880
 881@subsubsection ivshmem and hugepages
 882
 883Instead of specifying the <shm size> using POSIX shm, you may specify
 884a memory backend that has hugepage support:
 885
 886@example
 887@value{qemu_system_x86} -object memory-backend-file,size=1G,mem-path=/dev/hugepages/my-shmem-file,share,id=mb1
 888                 -device ivshmem-plain,memdev=mb1
 889@end example
 890
 891ivshmem-server also supports hugepages mount points with the
 892@option{-m} memory path argument.
 893
 894@node direct_linux_boot
 895@section Direct Linux Boot
 896
 897This section explains how to launch a Linux kernel inside QEMU without
 898having to make a full bootable image. It is very useful for fast Linux
 899kernel testing.
 900
 901The syntax is:
 902@example
 903@value{qemu_system} -kernel bzImage -hda rootdisk.img -append "root=/dev/hda"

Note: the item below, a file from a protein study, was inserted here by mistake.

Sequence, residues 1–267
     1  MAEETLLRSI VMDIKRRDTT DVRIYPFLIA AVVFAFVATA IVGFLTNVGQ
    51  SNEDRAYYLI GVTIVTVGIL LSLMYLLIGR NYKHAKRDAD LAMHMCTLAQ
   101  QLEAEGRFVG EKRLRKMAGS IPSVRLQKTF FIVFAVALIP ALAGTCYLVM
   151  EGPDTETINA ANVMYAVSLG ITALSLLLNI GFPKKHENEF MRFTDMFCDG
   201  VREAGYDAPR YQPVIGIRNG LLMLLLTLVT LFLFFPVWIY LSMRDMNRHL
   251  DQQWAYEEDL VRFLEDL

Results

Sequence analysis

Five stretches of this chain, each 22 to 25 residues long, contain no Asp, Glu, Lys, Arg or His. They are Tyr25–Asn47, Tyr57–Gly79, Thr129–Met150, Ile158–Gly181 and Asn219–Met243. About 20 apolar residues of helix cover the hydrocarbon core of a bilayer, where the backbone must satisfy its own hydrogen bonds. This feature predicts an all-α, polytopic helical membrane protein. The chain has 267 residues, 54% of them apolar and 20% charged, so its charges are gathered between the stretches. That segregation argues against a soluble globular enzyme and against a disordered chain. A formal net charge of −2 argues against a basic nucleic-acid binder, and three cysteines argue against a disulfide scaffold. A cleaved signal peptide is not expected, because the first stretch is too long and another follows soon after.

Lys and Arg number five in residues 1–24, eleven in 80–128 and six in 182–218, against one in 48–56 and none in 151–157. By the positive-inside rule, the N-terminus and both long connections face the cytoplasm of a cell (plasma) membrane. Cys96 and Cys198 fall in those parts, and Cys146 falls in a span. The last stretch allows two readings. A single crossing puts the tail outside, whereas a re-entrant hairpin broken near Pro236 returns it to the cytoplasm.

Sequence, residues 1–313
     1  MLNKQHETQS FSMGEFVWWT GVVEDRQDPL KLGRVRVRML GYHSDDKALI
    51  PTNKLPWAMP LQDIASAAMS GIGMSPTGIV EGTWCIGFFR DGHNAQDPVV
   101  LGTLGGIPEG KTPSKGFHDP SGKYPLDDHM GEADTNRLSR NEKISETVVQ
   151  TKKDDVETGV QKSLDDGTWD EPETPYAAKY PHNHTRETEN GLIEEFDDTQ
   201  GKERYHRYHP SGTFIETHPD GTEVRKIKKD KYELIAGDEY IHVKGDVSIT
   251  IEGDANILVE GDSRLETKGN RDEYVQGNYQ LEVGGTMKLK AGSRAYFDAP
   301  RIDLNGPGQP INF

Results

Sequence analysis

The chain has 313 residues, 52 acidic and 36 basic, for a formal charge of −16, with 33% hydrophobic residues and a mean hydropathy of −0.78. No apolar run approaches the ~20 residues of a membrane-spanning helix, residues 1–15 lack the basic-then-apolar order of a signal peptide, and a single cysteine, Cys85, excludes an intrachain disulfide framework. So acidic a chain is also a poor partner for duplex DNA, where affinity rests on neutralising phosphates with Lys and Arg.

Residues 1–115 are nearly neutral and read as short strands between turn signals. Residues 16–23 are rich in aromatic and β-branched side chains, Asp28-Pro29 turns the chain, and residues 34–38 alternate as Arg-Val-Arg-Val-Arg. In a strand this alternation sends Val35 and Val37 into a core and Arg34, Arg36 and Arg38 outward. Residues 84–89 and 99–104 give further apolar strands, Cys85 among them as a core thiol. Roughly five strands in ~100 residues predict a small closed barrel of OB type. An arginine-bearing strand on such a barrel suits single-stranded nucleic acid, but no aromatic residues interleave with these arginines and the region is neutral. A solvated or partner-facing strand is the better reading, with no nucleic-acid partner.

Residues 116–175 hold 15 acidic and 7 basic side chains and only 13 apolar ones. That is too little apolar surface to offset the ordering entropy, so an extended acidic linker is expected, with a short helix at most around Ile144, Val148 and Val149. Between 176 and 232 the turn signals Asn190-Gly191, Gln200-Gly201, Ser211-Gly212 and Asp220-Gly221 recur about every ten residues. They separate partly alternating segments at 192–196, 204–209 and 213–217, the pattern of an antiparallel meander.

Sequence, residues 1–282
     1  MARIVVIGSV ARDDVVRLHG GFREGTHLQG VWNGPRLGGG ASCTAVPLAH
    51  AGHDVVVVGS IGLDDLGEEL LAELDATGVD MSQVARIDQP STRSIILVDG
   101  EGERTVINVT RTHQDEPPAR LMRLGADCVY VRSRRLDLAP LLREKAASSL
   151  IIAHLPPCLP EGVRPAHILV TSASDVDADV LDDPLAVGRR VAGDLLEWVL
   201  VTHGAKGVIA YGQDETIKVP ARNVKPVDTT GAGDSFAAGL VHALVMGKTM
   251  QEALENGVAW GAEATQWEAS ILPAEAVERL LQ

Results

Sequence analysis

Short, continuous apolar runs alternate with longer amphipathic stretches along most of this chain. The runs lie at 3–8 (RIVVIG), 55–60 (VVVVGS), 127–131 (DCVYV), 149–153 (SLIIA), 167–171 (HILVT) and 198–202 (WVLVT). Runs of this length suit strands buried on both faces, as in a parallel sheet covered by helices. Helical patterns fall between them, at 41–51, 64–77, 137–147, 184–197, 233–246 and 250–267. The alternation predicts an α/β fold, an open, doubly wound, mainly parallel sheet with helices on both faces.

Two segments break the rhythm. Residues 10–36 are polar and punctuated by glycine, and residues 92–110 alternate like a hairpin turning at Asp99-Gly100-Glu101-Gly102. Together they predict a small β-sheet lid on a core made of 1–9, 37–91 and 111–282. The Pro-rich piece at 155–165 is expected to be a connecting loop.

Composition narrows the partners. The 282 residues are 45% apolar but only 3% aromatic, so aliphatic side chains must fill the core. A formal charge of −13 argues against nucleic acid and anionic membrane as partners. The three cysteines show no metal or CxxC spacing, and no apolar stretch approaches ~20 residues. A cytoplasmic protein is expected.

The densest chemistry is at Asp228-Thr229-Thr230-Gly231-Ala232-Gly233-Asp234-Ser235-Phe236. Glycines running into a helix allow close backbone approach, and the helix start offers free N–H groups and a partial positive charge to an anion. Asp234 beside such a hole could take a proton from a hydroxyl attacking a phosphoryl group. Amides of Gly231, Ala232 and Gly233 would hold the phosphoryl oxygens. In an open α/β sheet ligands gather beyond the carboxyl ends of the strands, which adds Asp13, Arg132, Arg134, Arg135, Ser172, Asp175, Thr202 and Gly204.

904@end example
 905
 906Use @option{-kernel} to provide the Linux kernel image and
 907@option{-append} to give the kernel command line arguments. The
 908@option{-initrd} option can be used to provide an INITRD image.
 909
 910If you do not need graphical output, you can disable it and redirect
 911the virtual serial port and the QEMU monitor to the console with the
 912@option{-nographic} option. The typical command line is:
 913@example
 914@value{qemu_system} -kernel bzImage -hda rootdisk.img \
 915                 -append "root=/dev/hda console=ttyS0" -nographic
 916@end example
 917
 918Use @key{Ctrl-a c} to switch between the serial console and the
 919monitor (@pxref{pcsys_keys}).
 920
 921@node pcsys_usb
 922@section USB emulation
 923
 924QEMU can emulate a PCI UHCI, OHCI, EHCI or XHCI USB controller. You can
 925plug virtual USB devices or real host USB devices (only works with certain